As with my painting of the rose, I'm determining where my whites will go first on the watercolor version of this painting. I decided to try the grisaille method this time with my watercolor painting.
I thought I'd cleaned out the section of my palette that I put my black on pretty well, but it turned out there was still some residual red paint, which showed up in the painting. Now, this is a sunset, so the red works. That brings me to an important point. Part of being a good artist is learning how to fix mistakes, or if you can't fix them, how to make them work for you in the painting.
When I was painting the sky, I was careful to leave a space open for the sun. When it came to painting the sun, I thought the rim around it was a bit too reddish and I wanted it to be more toward the yellow orange side. I don't have much practice glazing in watercolor and I don't know how effective I can make it, but I decided to try it with this painting. I glazed yellow, lightened with water of course, over the rim of around the sun.
When it came time to add color, I filled the sky with blues and greens. I would periodically take a brush with nothing but water on it and soften my edges, blending my colors into each other.
Now, in the middle of painting, I realized there should have been some yellow in the sky. I set to work lightening my blue in the sky with a wet brush. I wasn't able to lift it completely, but I was able to lighten it enough that I could get yellow in that part and have it show up somewhat. I used this same technique to get blue on the part up top, which I'd painted black in my underpainting
I feel I should mention, I used Prussian blue to paint the water because it's brighter than my usual ultramarine blue.
On the second day of painting, I went over my waves with some black paint and a liner brush, because I decided they needed to be redefined. I used a liner brush, even though the waves are a bit thick, because it gives me the most control, so I'm able to make the specific shapes that I wanted to. I also thought the blue of the water wasn't intense enough, so I put another layer of it on. In some parts I thought the paint had gone on too thick, so I took a brush with, again, nothing but water on it, no paint, and spread and thinned the paint out. When watercolor paint has the right amount of water mixed into it, it's a pleasure to work with.
The last thing I did was go over the sun again with more yellow to intensify it and glaze some of the yellow over the orange part to give it more of a glow.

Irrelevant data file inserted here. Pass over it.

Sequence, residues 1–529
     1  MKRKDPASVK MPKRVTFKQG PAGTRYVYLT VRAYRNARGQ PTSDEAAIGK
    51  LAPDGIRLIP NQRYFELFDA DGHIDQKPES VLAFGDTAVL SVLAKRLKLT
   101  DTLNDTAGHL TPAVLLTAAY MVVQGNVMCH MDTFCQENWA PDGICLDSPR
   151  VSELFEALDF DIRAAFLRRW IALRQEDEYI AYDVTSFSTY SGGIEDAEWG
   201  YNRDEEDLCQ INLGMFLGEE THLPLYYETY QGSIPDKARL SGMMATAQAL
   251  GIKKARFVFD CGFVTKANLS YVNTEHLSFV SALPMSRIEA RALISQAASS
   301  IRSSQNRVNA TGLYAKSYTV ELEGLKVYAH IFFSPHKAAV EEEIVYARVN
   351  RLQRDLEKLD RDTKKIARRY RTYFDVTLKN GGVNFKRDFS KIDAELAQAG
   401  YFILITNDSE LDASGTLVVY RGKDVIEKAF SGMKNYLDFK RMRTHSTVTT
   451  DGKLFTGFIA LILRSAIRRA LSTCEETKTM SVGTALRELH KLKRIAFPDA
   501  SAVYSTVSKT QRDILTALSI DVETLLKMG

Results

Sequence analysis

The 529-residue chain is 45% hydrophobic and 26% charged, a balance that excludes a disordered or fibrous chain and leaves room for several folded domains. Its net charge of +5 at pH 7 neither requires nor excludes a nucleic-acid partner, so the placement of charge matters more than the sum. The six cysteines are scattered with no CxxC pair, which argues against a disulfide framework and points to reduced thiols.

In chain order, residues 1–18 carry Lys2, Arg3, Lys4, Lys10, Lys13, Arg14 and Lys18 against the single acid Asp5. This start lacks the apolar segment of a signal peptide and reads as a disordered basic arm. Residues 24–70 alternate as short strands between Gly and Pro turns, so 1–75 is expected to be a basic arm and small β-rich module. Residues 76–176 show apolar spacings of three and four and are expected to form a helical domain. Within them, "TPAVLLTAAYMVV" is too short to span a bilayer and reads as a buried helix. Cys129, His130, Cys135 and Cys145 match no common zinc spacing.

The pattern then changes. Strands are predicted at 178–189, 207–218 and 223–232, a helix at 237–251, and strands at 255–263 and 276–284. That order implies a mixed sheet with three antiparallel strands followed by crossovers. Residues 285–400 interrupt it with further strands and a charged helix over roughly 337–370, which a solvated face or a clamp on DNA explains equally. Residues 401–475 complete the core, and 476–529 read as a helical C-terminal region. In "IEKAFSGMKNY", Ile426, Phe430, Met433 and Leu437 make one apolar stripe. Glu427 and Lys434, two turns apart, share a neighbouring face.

Now that the watercolor version of this painting is done, I’m starting on the acrylic version. I’ve started with a layer of a midtone gray and I’ll layer darker and lighter shades on top.
Here's the result of adding extra values to my initial midtone painting. When it came to painting the water, I actually drew my the shapes of the waves in with a charcoal pencil.
I layered phthalo blue on top of ultramarine for the top part of the sky. I painted the main part of the sky a transparent blue green. I didn't bother to leave space for the ultramarine streaks I would be painting on, because I actually wanted the blue green to show through them.
I glazed burnt umber over the right hand side of my blue streak and brought it into the green. This has nothing to do with the lesson, but I just want to say that I'd been using my transparent burnt umber from the Liquitex Soft body line, but this time I decided to try the burnt umber from Amsterdam. It worked for the technique I was using, but I think I might like the results I get from the Liquitex paint better.
The water in my reference photo is a really beautiful blue and I was debating with myself over how I was going to capture that. For the watercolor portion, I used prussian blue, but for the acrylic version of this painting, I decided to mix ultramarine blue with cyan and I glazed that over the entire water portion, right over my waves. Then I took some yellow orange that I mixed from Cadmium yellow and Cadmium orange, and using a liner brush, painted that over some of the light blue waves.
I tried to paint my sun straight on top of my sky, but the paint I was using was too translucent for that. So I painted the sun with titanium white and then painted my yellow and orange over it. That titanium white works like a charm. I also painted rays of light coming off the sun using a liner brush and both zinc white, because I wanted the yellow to show through some of the rays, and titanium white. You can see, I also painted a streak of titanium white going straight through the sky and sun.
I decided to paint the area of the ocean that was around the sun titanium white and then go over it with pale orange and green, to brighten up the area.
When I showed the painting to my mom and this stage, she asked if the green line going across wias the green flash and I was like, I hadn't thought of it, but I guess it is.
...and here's the acrylic version of this painting finished.
Painter of portraits and wildlife